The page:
Lou Bega Once Revealed if ‘Mambo No. 5’ Referenced Monica Lewinsky

The lyrics of Lou Bega’s “Mambo No. 5 (A Little Bit of … )” mention a woman named Monica. This led to speculation the song was about Monica Lewinsky. During interviews, Bega discussed whether coverage of the Clinton-Lewinsky scandal affected his music.

Monica Lewinsky and President Bill Clinton in front of a desk
Monica Lewinsky and President Bill Clinton | Getty Images / Handout

Lou Bega contradicted himself regarding Monica Lewinsky

The Clinton-Lewinsky scandal was all over the news in 1998. Billboard reports “Mambo No. 5” reached the peak of its popularity in 1999. Someone called “Monica” is mentioned in the chorus of the song. The Sun-Sentinel reports MadTV released a parody of “Mambo No. 5” about the scandal.

At one point, Bega downplayed any connection between the scandal and the song. Bega said he wrote “Mambo No. 5” before he heard of Lewinsky. Later, he said something different.

RELATED: Monica Lewinsky Once Revealed She Had A Relationship With A Married Man Prior To Bill Clinton Affair

“Monica was a girl I knew and was friendly with,” Bega told the Las Vegas Sun. “But looking back, when I was writing it, of course I knew who Monica [Lewinsky] was. Maybe it was that the media pounded ‘Monica’ into my head so often that I was thinking it without realizing it. Maybe if the line was, ‘A little bit of Sandra,’ [the song] wouldn’t have caught on like it did.”

Lou Bega wondered how President Bill Clinton would react to ‘Mambo No. 5’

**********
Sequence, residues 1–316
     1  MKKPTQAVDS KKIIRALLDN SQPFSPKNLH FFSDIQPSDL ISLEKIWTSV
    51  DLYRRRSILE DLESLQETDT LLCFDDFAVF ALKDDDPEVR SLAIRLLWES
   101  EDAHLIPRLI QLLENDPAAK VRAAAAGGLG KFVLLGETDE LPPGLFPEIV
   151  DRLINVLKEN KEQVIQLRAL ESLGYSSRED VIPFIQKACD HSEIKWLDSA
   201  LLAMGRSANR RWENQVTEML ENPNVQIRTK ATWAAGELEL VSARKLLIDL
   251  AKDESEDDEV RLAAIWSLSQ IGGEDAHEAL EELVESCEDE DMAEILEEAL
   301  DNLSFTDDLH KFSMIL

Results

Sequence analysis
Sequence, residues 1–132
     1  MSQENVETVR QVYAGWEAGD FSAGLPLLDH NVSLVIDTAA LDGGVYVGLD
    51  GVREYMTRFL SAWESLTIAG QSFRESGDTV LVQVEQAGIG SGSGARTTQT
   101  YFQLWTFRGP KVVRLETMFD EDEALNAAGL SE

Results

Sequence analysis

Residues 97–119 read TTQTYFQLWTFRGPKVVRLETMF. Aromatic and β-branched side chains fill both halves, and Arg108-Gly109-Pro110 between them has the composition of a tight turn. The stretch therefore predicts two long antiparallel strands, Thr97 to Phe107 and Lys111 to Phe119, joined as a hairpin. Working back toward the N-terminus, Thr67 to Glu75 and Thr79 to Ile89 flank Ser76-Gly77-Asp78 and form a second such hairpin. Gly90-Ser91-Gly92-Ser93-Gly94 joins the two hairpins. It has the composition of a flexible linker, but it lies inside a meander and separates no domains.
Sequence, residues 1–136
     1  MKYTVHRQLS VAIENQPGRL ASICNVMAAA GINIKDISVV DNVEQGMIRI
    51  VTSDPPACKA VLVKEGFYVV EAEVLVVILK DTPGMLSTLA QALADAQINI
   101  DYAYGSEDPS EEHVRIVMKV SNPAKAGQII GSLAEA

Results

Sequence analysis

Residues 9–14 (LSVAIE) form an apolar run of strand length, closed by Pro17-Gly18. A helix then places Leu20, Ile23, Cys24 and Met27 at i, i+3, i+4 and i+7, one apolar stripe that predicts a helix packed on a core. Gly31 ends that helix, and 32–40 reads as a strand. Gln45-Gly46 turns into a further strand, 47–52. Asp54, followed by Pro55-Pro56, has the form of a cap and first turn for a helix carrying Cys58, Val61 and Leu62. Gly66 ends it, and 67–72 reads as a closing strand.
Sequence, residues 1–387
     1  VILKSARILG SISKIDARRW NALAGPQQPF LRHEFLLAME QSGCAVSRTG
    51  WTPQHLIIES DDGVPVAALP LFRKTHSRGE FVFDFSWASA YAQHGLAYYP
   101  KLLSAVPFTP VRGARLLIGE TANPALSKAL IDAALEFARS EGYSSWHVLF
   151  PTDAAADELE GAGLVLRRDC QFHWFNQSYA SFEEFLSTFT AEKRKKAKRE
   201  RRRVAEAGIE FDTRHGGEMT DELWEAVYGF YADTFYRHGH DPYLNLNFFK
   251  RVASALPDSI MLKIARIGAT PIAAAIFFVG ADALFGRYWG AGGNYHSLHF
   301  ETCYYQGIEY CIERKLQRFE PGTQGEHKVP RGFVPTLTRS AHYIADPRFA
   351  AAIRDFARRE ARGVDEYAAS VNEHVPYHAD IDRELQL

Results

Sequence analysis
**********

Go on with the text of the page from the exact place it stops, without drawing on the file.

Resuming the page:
Bega considered the impact the song might have on President Bill Clinton. “I’ve seen one parody on Leno a week after I was on the show,” Bega told The Morning Call. “It made me think, ‘What is it like when Mr. Clinton is in his car and his wife is next to him and ‘Mambo No. 5′ comes on the radio?’ He’s a musical guy; he plays the saxophone, you know.

“So, would he sing along with it, or would he switch it off?” Bega wondered. “If I was him, I would switch it off.” Bega said he would like to perform at the White House, but he probably wouldn’t perform “Mambo No. 5” while he was there.

President Bill Clinton holding papers
President Bill Clinton | JOYCE NALTCHAYAN/AFP via Getty Images

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How the lyrics of ‘Mambo No. 5’ created a problem for the Democratic National Convention

CNN reports the song’s reference to someone named Monica had ramifications at the 2000 Democratic National Convention. The producers of the 2000 DNC wanted to choose a song similar to the “Macarena” to be the theme of the event. Subsequently, the producers chose “Mambo No. 5” but disliked that the song mentioned someone named Monica. The DNC considered using a re-written version of the song, but ultimately did not use the song at all.

RELATED: How Long Did Monica Lewinsky’s Affair With Bill Clinton Last?

How Lou Bega’s most famous song performed on the charts

Regardless of who inspired “Mambo No. 5,” the song was a bona fide hit. The track reached No. 3 on the Billboard Hot 100, staying on the chart for 22 weeks. The song’s parent album, A Little Bit of Mambo, was a hit as well. It peaked at No. 3 on the Billboard 200 and remained on the chart for 47 weeks. “Mambo No. 5” became a hit even if Bega never performed it at the White House.